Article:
- Thomson says sail damage forced Hugo Boss west
As he continued to push hard at the front of the fleet, Britain’s Sam Goodchild on Leytonadmitted a shiver went down his spine – and probably his mast too – when he realised what had happened to fellow Briton, Luke Berry, on the first night of the Transat Jacques Vabre Normandie Le Havre.
“It definitely hit a nerve because it happened to me last year (in the Route du Rhum) basically in the same point in the race in the first couple of days and the mast dropped down,” said Goodchild, speaking for the first time since Berry was dismasted on Monday morning, just 18 hours after the start of the race. “Lamotte were a mile ahead of us, it was night time, but we saw them on the AIS (Automatic Identification System), and all of a sudden they weren’t there anymore and we saw a few flashing lights on their deck go past us.
“We discussed it between us (with co-skipper Fabien Delahaye), what do you think’s happened, neither of us wanted to say it, but we both kind of thought they’d lost the race. So, we called our shore team and said if you can find out how they broke it, it would be nice to know because we’ve got exactly the same boat and exactly the same rig, so it definitely hit a nerve when I did it last year and you’re in a transatlantic race and on the first night it’s game over. It hurts quite a lot, so I feel for the guys and hopefully they’ll be back stronger next time.”
At the 15:00 UTC ranking as they entered the fourth day of racing, Leytonwere keeping pace and were just five miles behind Aïna Enfance and Avenir (Aymeric Chappellier / Pierre Leboucher), at the front of the 23-boat Class40 fleet (Beijaflore became the fourth boat to abandon this morning).
The race in Class40 looks like a battle of attrition as they exit the Bay of Biscay and approach Cape Finisterre. The conditions only eased of temporarily today – giving Goodchild a moment to talk – and dry some clothes.
Compared to the IMOCA the fleet is much more homogenous, with only Crédit Mutuel, opting to go a little further west, which for the moment does not look very successful. It has been hard going for all as they head upwind at under 8 knots as cautiously as one descends steps covered in ice.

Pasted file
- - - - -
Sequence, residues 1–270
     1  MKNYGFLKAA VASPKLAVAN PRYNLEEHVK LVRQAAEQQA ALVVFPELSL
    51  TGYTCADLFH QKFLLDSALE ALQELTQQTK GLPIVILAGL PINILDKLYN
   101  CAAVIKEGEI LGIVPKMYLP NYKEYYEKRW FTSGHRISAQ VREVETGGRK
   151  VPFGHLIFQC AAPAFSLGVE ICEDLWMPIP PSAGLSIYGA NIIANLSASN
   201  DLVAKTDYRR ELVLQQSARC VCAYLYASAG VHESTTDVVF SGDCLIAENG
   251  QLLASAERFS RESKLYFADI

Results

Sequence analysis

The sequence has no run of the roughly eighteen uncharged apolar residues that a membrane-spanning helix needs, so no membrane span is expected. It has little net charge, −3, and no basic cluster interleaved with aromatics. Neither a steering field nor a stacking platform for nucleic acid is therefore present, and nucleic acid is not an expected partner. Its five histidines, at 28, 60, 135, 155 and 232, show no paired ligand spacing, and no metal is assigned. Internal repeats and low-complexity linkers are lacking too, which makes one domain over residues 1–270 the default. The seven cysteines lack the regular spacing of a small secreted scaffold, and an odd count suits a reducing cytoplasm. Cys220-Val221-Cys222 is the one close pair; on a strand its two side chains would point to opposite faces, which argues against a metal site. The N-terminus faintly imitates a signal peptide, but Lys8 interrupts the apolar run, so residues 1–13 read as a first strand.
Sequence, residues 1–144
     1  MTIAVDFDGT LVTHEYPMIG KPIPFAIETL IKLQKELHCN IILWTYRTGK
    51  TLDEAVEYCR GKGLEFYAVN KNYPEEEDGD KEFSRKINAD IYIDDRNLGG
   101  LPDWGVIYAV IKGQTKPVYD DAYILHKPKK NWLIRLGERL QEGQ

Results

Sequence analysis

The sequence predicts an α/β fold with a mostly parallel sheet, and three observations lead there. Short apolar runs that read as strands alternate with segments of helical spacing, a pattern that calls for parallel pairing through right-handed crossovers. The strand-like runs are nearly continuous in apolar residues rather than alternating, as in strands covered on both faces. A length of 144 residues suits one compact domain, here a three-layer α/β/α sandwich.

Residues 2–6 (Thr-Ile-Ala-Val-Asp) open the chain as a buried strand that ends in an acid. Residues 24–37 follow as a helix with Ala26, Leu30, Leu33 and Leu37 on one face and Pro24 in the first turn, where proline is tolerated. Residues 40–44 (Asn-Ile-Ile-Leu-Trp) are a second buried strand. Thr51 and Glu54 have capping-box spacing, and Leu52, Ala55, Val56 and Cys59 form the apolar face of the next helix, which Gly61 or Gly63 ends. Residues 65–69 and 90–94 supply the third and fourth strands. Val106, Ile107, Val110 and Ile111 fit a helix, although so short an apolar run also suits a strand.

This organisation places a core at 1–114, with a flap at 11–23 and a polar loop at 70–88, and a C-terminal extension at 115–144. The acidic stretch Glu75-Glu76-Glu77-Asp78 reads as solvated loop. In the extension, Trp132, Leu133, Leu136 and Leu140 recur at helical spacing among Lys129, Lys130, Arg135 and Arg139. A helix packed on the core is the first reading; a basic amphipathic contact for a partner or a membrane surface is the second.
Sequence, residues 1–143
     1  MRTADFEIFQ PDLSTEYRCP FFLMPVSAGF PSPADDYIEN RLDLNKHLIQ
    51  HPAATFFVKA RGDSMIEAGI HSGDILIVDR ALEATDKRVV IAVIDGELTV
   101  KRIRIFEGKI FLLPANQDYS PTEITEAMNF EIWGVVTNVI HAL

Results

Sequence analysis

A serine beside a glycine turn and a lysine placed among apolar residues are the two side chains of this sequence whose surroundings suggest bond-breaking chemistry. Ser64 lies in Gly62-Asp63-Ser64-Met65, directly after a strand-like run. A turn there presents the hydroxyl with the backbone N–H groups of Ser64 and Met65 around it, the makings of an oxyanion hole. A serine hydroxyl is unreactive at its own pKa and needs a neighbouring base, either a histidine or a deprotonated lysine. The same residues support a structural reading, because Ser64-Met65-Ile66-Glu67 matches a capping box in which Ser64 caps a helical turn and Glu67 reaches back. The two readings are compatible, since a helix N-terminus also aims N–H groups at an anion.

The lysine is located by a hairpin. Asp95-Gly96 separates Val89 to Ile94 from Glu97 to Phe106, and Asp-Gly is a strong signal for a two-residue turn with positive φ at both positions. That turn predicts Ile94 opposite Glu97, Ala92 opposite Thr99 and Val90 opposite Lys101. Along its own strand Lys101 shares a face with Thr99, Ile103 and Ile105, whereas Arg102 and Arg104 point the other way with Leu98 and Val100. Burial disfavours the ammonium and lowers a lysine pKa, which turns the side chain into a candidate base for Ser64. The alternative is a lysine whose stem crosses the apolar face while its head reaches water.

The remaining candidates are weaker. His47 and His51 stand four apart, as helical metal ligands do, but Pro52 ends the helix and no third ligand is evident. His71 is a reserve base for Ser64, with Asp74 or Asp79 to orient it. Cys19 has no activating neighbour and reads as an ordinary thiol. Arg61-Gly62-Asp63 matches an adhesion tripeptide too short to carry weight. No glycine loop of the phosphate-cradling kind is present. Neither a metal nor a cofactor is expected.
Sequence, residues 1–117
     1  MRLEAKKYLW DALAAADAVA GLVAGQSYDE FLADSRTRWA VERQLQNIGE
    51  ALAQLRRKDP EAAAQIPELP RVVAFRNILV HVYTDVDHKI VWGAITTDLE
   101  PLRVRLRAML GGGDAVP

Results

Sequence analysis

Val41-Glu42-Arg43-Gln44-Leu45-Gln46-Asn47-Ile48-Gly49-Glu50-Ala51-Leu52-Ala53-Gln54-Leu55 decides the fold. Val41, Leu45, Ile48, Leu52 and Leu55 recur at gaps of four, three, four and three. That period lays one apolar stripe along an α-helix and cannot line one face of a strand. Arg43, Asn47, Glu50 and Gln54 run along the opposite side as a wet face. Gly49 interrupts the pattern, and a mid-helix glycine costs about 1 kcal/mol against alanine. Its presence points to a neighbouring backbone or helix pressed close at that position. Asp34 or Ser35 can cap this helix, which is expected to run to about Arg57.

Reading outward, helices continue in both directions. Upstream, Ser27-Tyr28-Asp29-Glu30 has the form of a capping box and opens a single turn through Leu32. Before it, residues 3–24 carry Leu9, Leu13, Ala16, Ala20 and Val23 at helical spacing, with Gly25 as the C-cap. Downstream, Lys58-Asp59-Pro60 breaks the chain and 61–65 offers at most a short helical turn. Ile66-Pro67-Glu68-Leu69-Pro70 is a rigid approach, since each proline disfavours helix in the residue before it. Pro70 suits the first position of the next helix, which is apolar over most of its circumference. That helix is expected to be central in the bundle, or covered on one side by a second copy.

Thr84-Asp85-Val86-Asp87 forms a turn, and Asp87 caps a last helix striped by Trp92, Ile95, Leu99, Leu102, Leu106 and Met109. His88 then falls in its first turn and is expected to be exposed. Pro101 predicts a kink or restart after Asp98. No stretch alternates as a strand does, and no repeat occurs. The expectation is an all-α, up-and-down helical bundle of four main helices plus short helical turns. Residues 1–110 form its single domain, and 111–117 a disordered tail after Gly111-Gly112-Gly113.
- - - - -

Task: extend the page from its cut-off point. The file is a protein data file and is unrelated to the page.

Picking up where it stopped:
“Today, it’s easier physically, but mentally harder because the wind is really not very stable, it’s shifting through 30-40 degrees and going from 10 knots to 18 knots, which is not very relaxing,” Goodchild said. “Looking forward to being able to dry that off again today, because tonight and tomorrow again look a bit more bumpy going upwind again. We’re just to keep things in one piece and stay in the game until we get into slightly nicer conditions.”
IMOCA: An upside down leaderboard?
The extraordinary split in the IMOCA fleet continued yesterday with a band of five mavericks fully investing heavily in the west and heading into the large low-pressure system which they hope will slingshot them into the trade winds faster than the southerners. If they are right we will almost have to turn the leaderboard upside down as it currently shows Hugo Boss in 22ndplace in the 29-boat fleet, 171 miles behind the new leader, PRB.
Thomson said today (Wednesday) that heading west was not a strategy but had been forced upon he and co-skipper, Neal McDonald by sail damage – but that it might still pay off.
“It’s been pretty tiring out here for the first days, lots of little niggles and stuff. Not quite right. But still, very happy with how we’re doing. We had a storming VMG, or reach, out of the Channel. It was pretty amazing. Startlingly fast, very happy with that,” Thomson said in his first communication after this pulsating first 72 hours. “And then at Ushant we had some sail damage. One of our reaching sails, the tack loops of it ripped off the sail for some reason so that was a bit of a pain. And hence we lost a load of miles and basically it stopped us from following the south route hence our push the west, which may still work out.
“It’s certainly not a forgone conclusion that it’s going to be wrong. The boats to the south are going to have to cross a ridge, quite a light ridge of high pressure, so very light winds. For us, we’ll be crossing the similar reach around about Saturday and it should be easier for us and it should be a very good angle, wind angle - a fast run down to the equator. Neal and I are both very tired. Not much sleep but we’re not in bad shape. We’re about to get stuck into this sail repair. We’re still in the race so pretty happy.”
With Thomson in the west are Boris Herrmann (Germany) and Will Harris (Britain) on Malizia II Yacht Club de Monaco; and three French boats, Bureau Vallée II, Maître CoQ IV, and Prysmian Group. The weather files show 35 to 40 knots and a very confused sea state for ten hours awaiting them.
They are all banking on that ridge stopping the southerners, who are back in much more benign reaching conditions as they approach Lisbon. Leading since Ushant, Charal,has been overtaken by PRB, knitted a masterstroke on the tip of Galicia, tacking just a mile away from the coast as they threaded the TSS (Traffic Separation Scheme) at Cape Finisterre. Britain’s Samantha Davies (Initiatives-Cœur) third overnight, has slipped back to fifth, but only 11 miles separate the front five. America’s Charlie Enright (11thHour Racing) is only seven miles behind in sixth.
To catch the trade winds, the southerners will have to cross an area of high pressure around the archipelago of Madeira.
Meanwhile, German skipper Isabelle Joschke and French co-skipper Morgan Lagravière on MACSFare heading to Lorient today to try and fix their keel and re-start the race. They had diverted to Brest early on Monday evening.
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